El Eje Cafetero: Salento (part 3)
On our third day in Salento, we decided to do the hike which Salento is famous for: Valle de Cocora. This a moderately difficult hike that ends in Cocora Valley (thus the name) where Colombian wax palms grow. These tall wax palms can grow to up to 200 ft. and are symbolic of Colombia.
After our previous hiking experience, we prepared differently for Valle de Cocora. We rented rubber boots from the hostel and brought food and water with us. We took a “wheely” which is a Jeep to the hiking entrance early in the morning. (These Jeeps are the only taxi-like service available in Salento and there is a schedule for those that go to and return from Cocora). Once we arrived, we began the hike. After about 20 minutes, the trail became very challenging with steep, muddy inclines that sometimes required a great deal of skill to surmount. About an hour in, we began to wonder if the route we had taken was the correct one (the Cocora trails are more or less unmarked although they are well traveled). We had seen no other hikers and weren’t confident that we were in the right place. We stopped to rest and discuss this dilemma.
As we were discussing our options, we saw a woman on horseback who was descending. The moment she was within speaking distance, she commented that we were lost. She explained that we had taken the wrong fork and were headed towards another mountaintop which would be a hike of 6-7 hours if we were in top shape. We thanked her profusely and headed back down the mountain. My friends were very patient with me, seeing as this hike down made me really nervous. I did it though, and I felt better for conquering my fear. It was a lot easier in boots with tread and with the ability to go at my own pace.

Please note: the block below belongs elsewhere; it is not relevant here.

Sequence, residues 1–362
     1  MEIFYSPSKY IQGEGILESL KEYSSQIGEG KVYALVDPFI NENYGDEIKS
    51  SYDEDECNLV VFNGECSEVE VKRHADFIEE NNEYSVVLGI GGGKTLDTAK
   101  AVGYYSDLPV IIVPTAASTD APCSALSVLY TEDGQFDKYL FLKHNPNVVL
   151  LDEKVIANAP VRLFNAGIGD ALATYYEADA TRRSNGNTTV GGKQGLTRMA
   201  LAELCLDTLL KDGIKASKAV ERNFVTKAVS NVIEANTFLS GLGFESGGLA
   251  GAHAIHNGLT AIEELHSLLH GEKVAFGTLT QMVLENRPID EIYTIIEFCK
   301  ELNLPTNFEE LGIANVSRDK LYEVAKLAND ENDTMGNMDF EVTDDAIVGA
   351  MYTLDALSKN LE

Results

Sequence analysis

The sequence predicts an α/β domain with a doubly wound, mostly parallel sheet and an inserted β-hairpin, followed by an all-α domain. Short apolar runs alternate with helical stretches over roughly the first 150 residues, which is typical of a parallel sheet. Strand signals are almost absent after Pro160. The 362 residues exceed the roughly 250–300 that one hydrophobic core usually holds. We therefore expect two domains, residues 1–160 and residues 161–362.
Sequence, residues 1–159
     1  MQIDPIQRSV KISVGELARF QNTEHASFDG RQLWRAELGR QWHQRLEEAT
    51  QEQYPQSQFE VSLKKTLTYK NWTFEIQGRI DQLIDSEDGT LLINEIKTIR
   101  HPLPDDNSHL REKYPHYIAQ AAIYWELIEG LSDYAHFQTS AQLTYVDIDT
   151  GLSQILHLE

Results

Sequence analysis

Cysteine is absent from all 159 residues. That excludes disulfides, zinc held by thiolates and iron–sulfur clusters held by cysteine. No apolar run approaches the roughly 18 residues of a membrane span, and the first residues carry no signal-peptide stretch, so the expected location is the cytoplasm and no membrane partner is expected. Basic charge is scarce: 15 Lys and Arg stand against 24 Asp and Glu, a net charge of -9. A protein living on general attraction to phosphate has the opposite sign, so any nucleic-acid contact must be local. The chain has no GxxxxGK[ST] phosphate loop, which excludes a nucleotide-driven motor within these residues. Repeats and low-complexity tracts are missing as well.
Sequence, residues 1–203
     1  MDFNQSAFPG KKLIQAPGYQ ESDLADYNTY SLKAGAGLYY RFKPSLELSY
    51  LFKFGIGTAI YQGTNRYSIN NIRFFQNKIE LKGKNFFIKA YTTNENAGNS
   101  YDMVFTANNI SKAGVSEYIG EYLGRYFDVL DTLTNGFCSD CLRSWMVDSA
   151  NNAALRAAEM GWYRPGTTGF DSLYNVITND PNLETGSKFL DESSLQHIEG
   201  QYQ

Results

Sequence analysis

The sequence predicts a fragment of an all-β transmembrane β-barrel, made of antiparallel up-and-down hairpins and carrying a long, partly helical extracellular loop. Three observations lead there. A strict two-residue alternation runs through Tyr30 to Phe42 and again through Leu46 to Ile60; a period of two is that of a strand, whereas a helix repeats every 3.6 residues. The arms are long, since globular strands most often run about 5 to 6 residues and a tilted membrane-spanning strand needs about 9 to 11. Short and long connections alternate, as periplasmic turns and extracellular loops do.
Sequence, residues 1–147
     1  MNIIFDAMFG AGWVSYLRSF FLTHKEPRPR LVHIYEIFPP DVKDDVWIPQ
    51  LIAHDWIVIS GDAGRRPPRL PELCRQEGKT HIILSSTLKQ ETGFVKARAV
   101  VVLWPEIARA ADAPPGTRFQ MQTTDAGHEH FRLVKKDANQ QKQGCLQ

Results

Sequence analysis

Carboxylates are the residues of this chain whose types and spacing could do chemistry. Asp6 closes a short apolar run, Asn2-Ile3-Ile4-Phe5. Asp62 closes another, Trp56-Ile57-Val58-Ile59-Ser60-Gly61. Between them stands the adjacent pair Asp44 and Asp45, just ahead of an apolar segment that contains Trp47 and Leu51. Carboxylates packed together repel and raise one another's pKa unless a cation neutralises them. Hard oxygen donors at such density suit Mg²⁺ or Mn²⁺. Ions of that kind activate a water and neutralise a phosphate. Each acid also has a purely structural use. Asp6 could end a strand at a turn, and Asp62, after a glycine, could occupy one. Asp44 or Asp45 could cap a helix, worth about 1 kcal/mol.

Once we reached the fork, we corrected our mistake and headed in the right direction. From there it was fairly easy going for a while. There were lots of rickety handmade bridges that we had to use to cross the river (the trail crossed the river multiple times) and a few questionable turns that we figured out. The last kilometer or so to the farm Alcaime (the halfway point if we hadn’t gotten lost) was challenging and I was very happy to sit down and enjoy agua de panela con queso while admiring the many hummingbirds that are attracted to the flowers and hummingbird feeders at Alcaime.
The next stretch of the hike was challenging for me. It was pretty steep for about an hour until we reached the farm La Montaña which was the peak. This farm did not charge us or offer us “free drinks”, but we were able to buy water there and play with the sweet guard dog. This farm also had a ton of hummingbirds that were feeding on the flowers growing there.
The rest of the hike was a smooth downhill. I happened to chat with a fellow hiker who was a military vet from Atlanta. When we reached the valley, we spent some time admiring the view and taking photos. The huge palms were awe inspiring.
The weather then threatened to turn wet so we hurried back to the meeting point for the Jeeps. We made it just in time for that round of Jeeps and also managed to miss the rain. Despite my blisters and sore legs, the hike was more than worth it.